Bondo. Sand. Bondo. Sand. When I was satisfied that the entire hull was as smooth as glass I was ready to paint. The hull would be royal blue. The deck a cream color. And the splash rail a bright red. And inside the cockpit I was planning on some sort of arrow design.

Since the hull was resting upright on the sawhorses I painted that first. Three coats. With a brush. And not a single brushstroke showing. Took a week.   Then I hit the splash rail with a couple of coats of red. Just a splash of color! Ha-ha.

Enlisting some help from my daughter, we very carefully flipped the hull over and set the deck side down on now padded sawhorses. No scratching!!!

And then the blue. Five coats of it. With a brush. Long strokes. And nary a brush mark. It looked brand new. Fabulous.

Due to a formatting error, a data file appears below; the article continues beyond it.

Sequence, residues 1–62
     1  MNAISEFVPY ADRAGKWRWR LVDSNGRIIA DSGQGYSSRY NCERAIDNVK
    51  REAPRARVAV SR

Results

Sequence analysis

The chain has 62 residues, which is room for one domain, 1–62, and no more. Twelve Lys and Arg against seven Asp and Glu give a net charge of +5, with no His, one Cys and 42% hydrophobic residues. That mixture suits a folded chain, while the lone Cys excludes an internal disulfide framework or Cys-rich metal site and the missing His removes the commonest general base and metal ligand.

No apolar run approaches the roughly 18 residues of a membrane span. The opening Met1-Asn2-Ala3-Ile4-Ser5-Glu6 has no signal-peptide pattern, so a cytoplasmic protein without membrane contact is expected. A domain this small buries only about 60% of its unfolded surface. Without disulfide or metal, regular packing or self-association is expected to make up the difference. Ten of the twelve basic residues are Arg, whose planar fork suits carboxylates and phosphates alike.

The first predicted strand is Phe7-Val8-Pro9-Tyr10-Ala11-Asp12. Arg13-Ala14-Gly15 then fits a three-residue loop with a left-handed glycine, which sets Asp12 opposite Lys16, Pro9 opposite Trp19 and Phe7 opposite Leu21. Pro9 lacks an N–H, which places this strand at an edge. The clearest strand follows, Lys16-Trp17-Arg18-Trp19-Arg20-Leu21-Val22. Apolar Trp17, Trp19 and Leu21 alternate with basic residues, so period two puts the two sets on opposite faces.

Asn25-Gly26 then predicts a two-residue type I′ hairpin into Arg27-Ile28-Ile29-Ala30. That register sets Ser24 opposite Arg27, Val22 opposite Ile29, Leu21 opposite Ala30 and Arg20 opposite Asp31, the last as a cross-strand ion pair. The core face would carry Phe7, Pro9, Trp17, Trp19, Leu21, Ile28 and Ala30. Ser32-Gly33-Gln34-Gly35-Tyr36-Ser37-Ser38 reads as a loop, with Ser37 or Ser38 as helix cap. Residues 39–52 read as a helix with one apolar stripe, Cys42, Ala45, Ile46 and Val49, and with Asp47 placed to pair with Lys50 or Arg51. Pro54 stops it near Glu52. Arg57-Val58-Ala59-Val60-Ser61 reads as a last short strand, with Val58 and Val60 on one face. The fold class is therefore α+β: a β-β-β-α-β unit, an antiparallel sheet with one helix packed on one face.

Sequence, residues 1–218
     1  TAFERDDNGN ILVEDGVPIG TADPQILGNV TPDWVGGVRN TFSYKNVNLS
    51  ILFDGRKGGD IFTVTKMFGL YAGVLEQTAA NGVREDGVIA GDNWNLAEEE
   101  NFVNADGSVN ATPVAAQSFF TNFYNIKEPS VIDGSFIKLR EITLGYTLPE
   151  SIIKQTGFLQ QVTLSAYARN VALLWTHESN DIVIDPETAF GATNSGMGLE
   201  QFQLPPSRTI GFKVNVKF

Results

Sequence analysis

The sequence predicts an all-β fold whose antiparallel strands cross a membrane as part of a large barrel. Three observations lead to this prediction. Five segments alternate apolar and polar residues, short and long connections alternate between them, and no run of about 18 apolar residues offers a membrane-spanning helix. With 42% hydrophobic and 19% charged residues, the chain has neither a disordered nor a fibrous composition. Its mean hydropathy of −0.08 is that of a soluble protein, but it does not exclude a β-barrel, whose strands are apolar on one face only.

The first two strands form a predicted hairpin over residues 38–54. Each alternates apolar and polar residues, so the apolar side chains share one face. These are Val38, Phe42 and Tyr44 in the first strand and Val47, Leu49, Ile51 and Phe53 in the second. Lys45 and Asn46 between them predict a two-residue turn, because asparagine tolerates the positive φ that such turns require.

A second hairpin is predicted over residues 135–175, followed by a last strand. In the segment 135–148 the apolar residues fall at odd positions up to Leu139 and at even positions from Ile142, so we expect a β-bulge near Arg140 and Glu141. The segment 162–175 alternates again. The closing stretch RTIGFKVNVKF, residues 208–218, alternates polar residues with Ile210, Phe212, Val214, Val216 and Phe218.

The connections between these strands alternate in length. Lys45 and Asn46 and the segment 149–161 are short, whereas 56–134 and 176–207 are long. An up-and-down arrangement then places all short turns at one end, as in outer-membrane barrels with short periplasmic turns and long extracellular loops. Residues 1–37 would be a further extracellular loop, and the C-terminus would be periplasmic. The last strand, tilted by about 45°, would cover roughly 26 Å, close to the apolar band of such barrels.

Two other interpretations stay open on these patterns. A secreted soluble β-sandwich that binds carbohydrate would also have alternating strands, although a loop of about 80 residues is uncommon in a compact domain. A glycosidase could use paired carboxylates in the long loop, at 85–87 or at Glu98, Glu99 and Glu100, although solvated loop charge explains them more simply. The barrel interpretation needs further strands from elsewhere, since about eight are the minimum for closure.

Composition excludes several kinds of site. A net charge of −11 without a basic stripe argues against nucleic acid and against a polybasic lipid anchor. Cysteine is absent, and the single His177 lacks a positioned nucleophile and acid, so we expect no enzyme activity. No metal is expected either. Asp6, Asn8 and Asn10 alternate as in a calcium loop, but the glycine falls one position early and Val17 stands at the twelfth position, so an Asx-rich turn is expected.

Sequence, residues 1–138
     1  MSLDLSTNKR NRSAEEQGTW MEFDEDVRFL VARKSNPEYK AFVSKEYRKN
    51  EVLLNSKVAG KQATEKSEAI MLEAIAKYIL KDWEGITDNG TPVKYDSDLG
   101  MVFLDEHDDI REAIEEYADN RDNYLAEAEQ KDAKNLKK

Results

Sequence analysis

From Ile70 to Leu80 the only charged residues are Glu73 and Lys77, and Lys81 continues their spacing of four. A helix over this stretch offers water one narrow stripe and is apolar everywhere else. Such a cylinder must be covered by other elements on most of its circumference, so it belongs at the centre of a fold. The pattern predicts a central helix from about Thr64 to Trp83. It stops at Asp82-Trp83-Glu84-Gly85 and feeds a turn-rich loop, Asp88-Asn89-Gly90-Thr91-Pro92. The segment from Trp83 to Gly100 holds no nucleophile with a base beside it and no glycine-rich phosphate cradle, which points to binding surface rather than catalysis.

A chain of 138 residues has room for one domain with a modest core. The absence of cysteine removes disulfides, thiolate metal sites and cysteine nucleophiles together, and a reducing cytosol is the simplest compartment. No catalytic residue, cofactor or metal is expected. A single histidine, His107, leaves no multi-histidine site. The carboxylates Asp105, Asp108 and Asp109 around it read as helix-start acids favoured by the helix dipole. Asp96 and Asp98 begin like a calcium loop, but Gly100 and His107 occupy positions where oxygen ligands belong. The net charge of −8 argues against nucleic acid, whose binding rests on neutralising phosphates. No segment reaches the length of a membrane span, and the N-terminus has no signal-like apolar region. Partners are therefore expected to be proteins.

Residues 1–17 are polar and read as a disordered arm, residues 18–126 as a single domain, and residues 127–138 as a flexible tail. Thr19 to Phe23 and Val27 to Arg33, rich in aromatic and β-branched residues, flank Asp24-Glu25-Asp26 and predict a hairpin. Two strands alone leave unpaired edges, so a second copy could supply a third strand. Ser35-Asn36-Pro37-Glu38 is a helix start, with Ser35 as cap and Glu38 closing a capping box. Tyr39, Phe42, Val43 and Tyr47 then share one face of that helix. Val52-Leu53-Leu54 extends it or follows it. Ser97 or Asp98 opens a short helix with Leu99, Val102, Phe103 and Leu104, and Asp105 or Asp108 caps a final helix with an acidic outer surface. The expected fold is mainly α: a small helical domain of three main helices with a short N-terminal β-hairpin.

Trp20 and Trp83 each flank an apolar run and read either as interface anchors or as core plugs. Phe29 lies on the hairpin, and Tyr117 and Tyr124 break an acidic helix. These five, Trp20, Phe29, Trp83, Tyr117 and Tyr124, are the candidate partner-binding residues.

Flipped over again I taped of an arrow on the floor of the cockpit and painted it blue. Pointing forward. Thataway to the finish line!

It was ready to go back outside to have the mast set. New halyards port and starboard. And then a new forestay. That one had to be custom measured. Add the rudder, tiller, dagger board, and boom and viola!, we have a sailboat.

I had the sails. Once the battens were slipped into their pockets I could hoist the sails. And the pirate pennant. All in my backyard. I took lots of pictures. And then I sold it.

I had sanded, bonded, sanded more, stained and painted. And on the floor of the basement was that blob of blue paint I had spilled. It would stay there forever as a reminder to me of the sailboat I had reborn.

Of course the new owners of the house would have no idea what it was. And would probably never guess that a boat had been there. But I know. And now I’m looking for another boat to restore.

That’s part of my story. What’s yours?